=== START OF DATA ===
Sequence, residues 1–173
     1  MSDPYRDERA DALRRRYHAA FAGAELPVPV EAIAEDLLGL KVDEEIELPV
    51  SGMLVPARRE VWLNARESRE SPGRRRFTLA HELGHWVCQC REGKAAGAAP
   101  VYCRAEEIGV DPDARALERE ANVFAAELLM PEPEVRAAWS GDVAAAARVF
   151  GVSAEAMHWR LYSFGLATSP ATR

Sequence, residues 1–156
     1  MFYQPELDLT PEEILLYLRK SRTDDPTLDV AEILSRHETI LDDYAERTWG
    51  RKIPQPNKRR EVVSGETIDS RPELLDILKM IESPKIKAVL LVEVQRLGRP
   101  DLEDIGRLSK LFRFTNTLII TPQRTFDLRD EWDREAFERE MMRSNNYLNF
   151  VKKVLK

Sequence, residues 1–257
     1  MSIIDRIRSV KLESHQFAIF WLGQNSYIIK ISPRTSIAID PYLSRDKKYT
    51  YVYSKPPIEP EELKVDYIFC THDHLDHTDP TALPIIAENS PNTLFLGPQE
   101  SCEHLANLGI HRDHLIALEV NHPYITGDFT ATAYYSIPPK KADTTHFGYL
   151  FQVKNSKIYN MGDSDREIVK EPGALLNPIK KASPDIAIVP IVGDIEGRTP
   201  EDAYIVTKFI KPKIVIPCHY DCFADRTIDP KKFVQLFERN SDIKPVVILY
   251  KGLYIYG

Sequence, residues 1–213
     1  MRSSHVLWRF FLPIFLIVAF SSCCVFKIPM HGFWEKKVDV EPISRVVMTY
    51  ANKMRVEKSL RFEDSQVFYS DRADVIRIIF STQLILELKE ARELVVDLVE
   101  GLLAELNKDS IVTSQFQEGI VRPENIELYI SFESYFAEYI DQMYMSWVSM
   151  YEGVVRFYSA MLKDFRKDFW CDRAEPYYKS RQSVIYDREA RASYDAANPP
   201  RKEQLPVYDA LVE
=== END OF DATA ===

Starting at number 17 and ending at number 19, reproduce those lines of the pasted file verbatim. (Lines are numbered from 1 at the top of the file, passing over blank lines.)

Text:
   251  KGLYIYG

Sequence, residues 1–213
     1  MRSSHVLWRF FLPIFLIVAF SSCCVFKIPM HGFWEKKVDV EPISRVVMTY